JURE: Areas of Nepal remain perilously unstable following last month’s devastating earthquake, and, as Tuesday’s tremor showed, landslides pose an ongoing menace that will only increase when seasonal monsoon rains begin to fall in the coming weeks.
Geologists are rushing to identify the valleys, villages and towns most at risk from rock and mud falls, but resources are stretched as the country recovers from an April 25 quake that killed 8,000 people and left hundreds of thousands homeless.
Diwakar Koirala, deputy administrator in Sindhupalchowk district, which reported the most deaths in last month’s disaster, said Tuesday’s quake caused three more big landslides. The risk of more prevented the authorities from heading to affected villages to help.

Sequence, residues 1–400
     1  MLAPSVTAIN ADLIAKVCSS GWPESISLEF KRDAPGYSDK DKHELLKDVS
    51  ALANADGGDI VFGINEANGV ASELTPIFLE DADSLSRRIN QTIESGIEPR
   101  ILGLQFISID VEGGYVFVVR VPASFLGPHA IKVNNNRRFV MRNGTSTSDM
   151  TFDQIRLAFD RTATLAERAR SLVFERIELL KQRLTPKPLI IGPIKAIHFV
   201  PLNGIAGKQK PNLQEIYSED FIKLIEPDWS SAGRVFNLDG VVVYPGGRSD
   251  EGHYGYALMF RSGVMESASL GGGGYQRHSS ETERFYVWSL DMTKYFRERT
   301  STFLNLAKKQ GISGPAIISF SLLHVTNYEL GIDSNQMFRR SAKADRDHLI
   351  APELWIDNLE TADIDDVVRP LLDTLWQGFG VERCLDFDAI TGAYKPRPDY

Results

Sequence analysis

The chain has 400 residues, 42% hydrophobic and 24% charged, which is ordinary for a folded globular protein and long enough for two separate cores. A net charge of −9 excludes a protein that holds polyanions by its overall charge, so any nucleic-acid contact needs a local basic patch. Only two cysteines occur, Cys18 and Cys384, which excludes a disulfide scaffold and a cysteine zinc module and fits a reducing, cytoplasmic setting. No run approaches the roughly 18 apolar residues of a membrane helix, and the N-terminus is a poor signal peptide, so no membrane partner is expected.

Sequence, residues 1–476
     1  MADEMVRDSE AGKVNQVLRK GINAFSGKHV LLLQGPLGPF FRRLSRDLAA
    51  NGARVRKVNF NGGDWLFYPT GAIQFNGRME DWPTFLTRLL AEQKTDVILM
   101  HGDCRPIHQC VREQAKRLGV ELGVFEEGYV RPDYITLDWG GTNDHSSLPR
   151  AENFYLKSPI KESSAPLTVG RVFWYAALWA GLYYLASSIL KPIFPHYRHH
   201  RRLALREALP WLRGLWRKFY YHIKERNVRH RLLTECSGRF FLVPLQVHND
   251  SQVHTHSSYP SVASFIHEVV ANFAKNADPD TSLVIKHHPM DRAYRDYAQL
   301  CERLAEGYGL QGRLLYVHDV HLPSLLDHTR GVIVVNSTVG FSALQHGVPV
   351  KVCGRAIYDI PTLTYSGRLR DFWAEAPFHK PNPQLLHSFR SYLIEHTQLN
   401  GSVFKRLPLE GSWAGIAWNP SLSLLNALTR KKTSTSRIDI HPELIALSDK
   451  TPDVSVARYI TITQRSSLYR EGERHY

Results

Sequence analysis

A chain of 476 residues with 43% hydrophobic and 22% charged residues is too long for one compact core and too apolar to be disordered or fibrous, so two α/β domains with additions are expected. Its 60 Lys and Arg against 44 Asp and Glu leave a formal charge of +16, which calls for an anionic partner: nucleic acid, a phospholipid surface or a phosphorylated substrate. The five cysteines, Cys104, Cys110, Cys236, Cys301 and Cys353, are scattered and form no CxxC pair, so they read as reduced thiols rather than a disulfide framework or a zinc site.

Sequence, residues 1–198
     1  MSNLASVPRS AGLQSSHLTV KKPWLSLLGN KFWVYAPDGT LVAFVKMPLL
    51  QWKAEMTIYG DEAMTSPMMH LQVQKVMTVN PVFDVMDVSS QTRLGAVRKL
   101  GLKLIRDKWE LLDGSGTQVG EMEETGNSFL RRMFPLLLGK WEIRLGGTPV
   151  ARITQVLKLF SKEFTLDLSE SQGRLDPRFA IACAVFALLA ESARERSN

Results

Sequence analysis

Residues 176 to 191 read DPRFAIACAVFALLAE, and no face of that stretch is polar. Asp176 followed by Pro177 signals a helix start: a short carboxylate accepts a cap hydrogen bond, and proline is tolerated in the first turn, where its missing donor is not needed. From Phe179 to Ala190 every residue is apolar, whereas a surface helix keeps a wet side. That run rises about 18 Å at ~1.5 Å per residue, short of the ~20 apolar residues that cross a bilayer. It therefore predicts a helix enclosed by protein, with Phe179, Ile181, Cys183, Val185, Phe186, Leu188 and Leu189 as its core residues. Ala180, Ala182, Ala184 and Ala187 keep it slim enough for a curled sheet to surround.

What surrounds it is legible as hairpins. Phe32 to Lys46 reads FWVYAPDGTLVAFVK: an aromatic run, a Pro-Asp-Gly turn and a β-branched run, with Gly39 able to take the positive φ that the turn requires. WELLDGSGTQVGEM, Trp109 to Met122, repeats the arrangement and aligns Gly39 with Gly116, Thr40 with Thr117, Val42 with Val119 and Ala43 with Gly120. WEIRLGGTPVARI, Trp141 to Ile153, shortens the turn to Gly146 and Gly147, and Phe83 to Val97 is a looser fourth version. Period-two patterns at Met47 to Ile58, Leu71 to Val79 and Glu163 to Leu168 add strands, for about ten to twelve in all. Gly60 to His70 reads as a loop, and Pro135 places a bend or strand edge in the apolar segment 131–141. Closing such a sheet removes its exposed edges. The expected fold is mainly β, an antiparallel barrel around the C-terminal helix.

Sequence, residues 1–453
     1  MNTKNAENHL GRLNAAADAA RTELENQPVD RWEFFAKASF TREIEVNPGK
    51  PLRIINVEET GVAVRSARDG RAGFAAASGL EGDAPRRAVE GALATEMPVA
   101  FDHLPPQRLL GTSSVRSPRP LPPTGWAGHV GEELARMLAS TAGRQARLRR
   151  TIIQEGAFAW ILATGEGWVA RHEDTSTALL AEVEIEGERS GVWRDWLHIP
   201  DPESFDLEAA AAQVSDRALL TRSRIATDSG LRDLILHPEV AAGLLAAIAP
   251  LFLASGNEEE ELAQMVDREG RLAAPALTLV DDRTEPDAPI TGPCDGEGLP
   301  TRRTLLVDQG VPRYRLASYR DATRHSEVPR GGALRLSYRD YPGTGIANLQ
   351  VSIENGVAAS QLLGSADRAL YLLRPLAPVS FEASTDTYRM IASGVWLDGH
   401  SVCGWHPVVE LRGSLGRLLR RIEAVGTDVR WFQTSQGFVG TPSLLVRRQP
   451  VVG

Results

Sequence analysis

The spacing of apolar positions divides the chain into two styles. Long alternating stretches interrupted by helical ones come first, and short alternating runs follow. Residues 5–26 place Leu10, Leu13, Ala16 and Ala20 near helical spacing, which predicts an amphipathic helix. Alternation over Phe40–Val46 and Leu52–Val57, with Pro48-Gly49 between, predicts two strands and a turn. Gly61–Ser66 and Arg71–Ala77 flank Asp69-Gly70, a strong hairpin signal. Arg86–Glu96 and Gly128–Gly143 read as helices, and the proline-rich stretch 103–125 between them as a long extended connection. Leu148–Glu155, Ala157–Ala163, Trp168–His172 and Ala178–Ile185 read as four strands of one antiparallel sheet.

Beyond the immediate emergency, some families will have to move to safer areas, a slow, costly process which Nepal can ill afford.
“There are some areas where it is very difficult to stay on a long-term basis, so we are looking at resettlement,” said Iman Gurung, a home ministry adviser, declining to specify which
“We hope it’s not a big number,” Gurung said. “These villages have thousands of years of history. But we don’t want to put their lives at risk.”